In the first post of this series on Security and Privacy on the Encrypted Network, we argued that organizations need to encrypt more traffic. Unfortunately the inability to see and inspect encrypted traffic impairs the ability to enforce security controls/policies and meet compliance mandates. So let’s dig into how to strategically decrypt traffic in order to address a few key use cases – including enforcing security policies and monitoring for security and compliance. We also need to factor in the HR and privacy issues associated with decrypting traffic – you don’t want to end up on the wrong side of a worker council protesting your network security approach.

What to Decrypt

The first step in gaining visibility into the encrypted network is to set policies for when traffic will be decrypted and for how long. These decisions depend more on organizational culture than anything else, so you need to figure out what will work for your company. As security guys we favor more decryption than less, because that enables more comprehensive inspection… and therefore stronger monitoring and enforcement. But this is a company-specific choice.

Several factors influence decryption policies, most obviously the applications themselves. Let’s briefly cover the main applications you are most likely to decrypt:

  1. Webmail: Employees think they are doing your organization a favor by working at all times of the day. But this always-on workforce requires use of personal devices, and may decide (however misguided) that it’s easiest to send work documents to personal machines via personal email accounts. What could go wrong? And of course there are more malicious uses for webmail in a corporate environment. There are endpoint DLP agents that should catch this behavior, but if you don’t have them deployed you should be inspecting outbound webmail traffic. The complication is that most webmail is now encrypted so you need to decrypt sessions to inspect the traffic.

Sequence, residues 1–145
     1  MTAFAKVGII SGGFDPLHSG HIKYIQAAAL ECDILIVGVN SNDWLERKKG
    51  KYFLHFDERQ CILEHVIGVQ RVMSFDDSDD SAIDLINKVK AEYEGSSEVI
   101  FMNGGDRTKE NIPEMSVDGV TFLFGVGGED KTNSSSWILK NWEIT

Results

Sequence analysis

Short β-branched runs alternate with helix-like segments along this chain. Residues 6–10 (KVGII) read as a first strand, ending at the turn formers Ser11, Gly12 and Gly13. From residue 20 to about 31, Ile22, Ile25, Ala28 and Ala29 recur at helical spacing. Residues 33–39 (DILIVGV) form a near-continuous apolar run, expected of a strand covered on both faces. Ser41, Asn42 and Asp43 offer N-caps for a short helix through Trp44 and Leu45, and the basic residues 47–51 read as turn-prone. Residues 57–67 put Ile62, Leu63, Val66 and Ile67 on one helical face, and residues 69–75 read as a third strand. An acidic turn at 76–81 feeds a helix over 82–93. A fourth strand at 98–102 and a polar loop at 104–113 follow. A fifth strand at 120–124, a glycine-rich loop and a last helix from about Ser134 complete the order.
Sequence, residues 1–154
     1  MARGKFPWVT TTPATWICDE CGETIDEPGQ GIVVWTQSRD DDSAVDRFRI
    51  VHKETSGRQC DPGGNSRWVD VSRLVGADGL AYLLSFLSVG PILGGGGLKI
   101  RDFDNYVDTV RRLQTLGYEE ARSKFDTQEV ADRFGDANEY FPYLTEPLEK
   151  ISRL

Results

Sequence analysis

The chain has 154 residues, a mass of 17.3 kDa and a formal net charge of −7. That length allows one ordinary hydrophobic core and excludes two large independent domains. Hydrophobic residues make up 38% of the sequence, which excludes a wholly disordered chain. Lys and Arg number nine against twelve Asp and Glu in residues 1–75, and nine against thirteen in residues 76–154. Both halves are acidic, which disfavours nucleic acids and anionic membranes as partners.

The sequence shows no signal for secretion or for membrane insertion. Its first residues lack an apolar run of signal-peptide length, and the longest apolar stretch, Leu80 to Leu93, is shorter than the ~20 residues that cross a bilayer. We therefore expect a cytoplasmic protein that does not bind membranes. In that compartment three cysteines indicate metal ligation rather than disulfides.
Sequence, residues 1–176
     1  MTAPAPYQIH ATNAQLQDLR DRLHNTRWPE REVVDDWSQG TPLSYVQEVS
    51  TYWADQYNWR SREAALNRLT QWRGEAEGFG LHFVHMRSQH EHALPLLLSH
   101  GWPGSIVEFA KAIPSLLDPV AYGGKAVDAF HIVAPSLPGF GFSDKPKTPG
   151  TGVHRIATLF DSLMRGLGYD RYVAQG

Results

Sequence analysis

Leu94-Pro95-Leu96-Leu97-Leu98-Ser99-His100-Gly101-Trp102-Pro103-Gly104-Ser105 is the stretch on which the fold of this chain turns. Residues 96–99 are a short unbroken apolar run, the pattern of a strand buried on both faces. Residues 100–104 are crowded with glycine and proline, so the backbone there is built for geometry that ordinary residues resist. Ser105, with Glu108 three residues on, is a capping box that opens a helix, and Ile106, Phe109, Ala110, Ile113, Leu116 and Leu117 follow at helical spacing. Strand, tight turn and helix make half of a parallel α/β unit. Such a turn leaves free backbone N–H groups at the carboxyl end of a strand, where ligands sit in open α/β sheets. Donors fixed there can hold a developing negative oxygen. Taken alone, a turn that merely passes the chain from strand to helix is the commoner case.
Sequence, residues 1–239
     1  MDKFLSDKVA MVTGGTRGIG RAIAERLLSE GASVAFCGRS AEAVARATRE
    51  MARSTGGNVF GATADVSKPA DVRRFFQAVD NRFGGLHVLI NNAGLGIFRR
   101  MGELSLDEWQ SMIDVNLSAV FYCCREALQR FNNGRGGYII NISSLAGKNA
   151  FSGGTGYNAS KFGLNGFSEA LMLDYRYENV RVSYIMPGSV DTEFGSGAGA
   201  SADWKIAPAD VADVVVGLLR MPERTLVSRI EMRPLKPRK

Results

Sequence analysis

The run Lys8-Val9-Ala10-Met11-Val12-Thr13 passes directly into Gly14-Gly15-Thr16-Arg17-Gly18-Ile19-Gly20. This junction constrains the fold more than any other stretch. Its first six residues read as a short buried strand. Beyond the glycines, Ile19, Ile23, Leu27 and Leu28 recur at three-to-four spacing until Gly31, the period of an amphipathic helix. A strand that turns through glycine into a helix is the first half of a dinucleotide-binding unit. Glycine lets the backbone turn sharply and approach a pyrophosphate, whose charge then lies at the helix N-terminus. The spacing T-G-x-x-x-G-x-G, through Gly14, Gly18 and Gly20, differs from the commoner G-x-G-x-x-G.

2. Web browsing: Similarly social media sites and other web properties utilize user-generated content that may be protected or sensitive, so you need to ensure you can enforce policies on web application traffic as well. Many apps use SSL/TLS by default, so you will need to decrypt to enforce acceptable use policies and protect data.
  3. SaaS Apps: Business functions are increasingly migrating to Software as a Service (SaaS) so it is important to inspect SaaS traffic. You may want to enforce tighter content policies on SaaS apps, but first you need to decrypt their traffic for inspection and enforcement.
  4. Custom Apps: Similarly your custom web apps (or partner web apps) require scrutiny given the likelihood that they will use sensitive data. As with SaaS apps, you will want to enforce granular policies for these apps, which requires decryption.

To net it out, if an application has access to protected or critical data you should decrypt and inspect its traffic. Within each application defined above, secondary attributes may demand or preclude decryption. For example certain web apps/sites should be whitelisted because they handle private employee data, such as consumer healthcare and financial sites.

Another policy trigger will be individual employees and groups. Maybe you don’t want to decrypt traffic from the legal team, because it is likely protected and sensitive. And of course there are the folks who require exceptions. Like the CEO, who gets to do whatever he/she wants and may approve an exception for their own traffic. There will be other exceptions (we guarantee it), so make sure your policies include the ability to selectively decrypt and enforce policies. For example one app may need to always be inspected (regardless of user) based on the sensitivity of data it can access. Likewise perhaps one set of users won’t have their traffic inspected at all. You should have flexibility to decrypt traffic to enforce policies, based on applications and users/groups, to accurately map to business processes and requirements.

Regardless of the use case for decryption, you will want to be flexible about what gets decrypted, for whom, and when.

Where to Decrypt?

Now that you know what to decrypt you need to determine the best place to do it. This decision hinges on type of traffic (ingress vs. egress), which applications need to be inspected, and which devices you need to send data to for monitoring and/or enforcement.

  1. Firewall: Firewalls frequently take on the decryption role because they is inline for both egress and ingress, and already enforcing policies – especially as they evolve toward application-aware Next Generation Firewalls (NGFW). Unfortunately decryption is computationally demanding, which creates scaling issues even for larger and more powerful firewalls.
  2. IPS: IPS is an inspection technology, so an inability to inspect encrypted traffic is a serious limitation. To address this some organizations decrypt on their IPS devices. The IPS function is computationally demanding so these devices tend to have more horsepower, which helps when doing decryption. But as with firewalls, scalability can be an issue.